A Winning Scam
Just over a week ago a man by the name of Neil Trotter became the UK's 4th largest lottery winner. That's to say the amount of money he won, £107.9m, was the 4th largest in history, Neil Trotter is actually a fairly slender fellow. Fast forward to this week and we're beginning to see scammers piggybacking on Mr. Trotter's success.
These scams are coming in the form of the classic 419 style, or advance fee fraud technique. We're actually seeing a few different versions of these and judging by the routes the various versions took to get to their destinations, it would appear that they are each from different groups. One version consistently comes from Nigeria by way of a quick hop in Brazil, and the others appear to originate from many different locations suggesting the use of a botnet for delivery. The latter uses a brief email with the subject "my Euro Million win" and suggests that perhaps Mr. Trotter feels that you as the recipient are quite poor. "I am willing to donate
£1,000,000(One Million Pounds) to you and as part of my effort to
alleviate poverty and care for the less privileged around the world, I
have decided to donate part of my win to few persons around the globe and
you are lucky to be one of them.", the email reads.
The other versions are much more long winded explaining the scenario, essentially giving a synopsis of the heavily circulated news stories that can be found around the internet. In fact they provide links to these stories in order to "To verify the genuineness of this email and our winnings". Because we all know that the internet is the source of all truth! The scam goes on to request tons of personal information from the recipient, all of the usual stuff, Name, date of birth, phone number, that sort of thing. All of this information can be used to further tailor the story to fit the target and possibly be used for additional identity theft. It is confusing though that Mr Neil Trotter's email address is apparently firstname.lastname@example.org, doesn't seem very intuitive, but the very wealthy can be quite eccentric too, so who knows?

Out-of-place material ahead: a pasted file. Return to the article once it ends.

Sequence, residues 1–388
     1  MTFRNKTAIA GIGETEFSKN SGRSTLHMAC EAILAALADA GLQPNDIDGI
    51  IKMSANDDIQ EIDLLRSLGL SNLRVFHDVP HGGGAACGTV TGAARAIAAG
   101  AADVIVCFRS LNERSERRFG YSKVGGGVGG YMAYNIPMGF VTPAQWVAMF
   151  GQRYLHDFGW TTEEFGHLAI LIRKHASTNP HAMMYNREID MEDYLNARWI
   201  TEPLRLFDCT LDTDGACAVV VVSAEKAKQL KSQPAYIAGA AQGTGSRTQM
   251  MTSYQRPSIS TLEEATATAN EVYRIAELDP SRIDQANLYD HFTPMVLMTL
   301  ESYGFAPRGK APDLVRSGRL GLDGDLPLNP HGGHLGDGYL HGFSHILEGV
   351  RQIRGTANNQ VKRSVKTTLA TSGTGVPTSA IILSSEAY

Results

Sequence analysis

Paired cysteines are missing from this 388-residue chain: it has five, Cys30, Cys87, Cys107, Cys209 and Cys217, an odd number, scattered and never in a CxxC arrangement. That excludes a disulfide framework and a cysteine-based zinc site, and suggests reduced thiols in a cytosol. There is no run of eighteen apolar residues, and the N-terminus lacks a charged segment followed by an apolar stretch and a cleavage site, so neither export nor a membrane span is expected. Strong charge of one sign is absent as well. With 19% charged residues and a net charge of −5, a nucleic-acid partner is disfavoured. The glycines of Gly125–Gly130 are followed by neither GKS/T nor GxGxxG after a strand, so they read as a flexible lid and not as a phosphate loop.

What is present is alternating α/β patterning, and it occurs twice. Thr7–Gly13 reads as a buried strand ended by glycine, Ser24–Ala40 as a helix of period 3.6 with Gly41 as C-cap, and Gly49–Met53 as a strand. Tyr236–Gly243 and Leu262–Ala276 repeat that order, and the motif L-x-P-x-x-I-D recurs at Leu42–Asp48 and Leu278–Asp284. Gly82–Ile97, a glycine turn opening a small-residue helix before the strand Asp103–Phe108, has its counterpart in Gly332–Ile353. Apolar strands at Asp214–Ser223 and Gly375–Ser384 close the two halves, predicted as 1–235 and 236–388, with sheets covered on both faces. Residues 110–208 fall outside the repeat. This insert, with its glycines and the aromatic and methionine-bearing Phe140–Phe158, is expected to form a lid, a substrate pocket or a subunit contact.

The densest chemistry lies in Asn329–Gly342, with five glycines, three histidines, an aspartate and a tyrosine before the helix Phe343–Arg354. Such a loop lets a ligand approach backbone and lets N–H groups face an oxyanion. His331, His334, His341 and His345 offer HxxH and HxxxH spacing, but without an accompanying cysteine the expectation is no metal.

Although I can't derive any exact figures, it would appear that this campaign/campaigns is/are fairly large as we're seeing a good amount of them in our filters. These 419 scams are tried and true. People are still falling for them for some reason and this is why we continue to see tens to hundreds of thousands of this type of email on a daily basis. Do your best to stay informed and hold on hope that you will get your big break one day, but also be aware that if it's too good to be true, it probably is.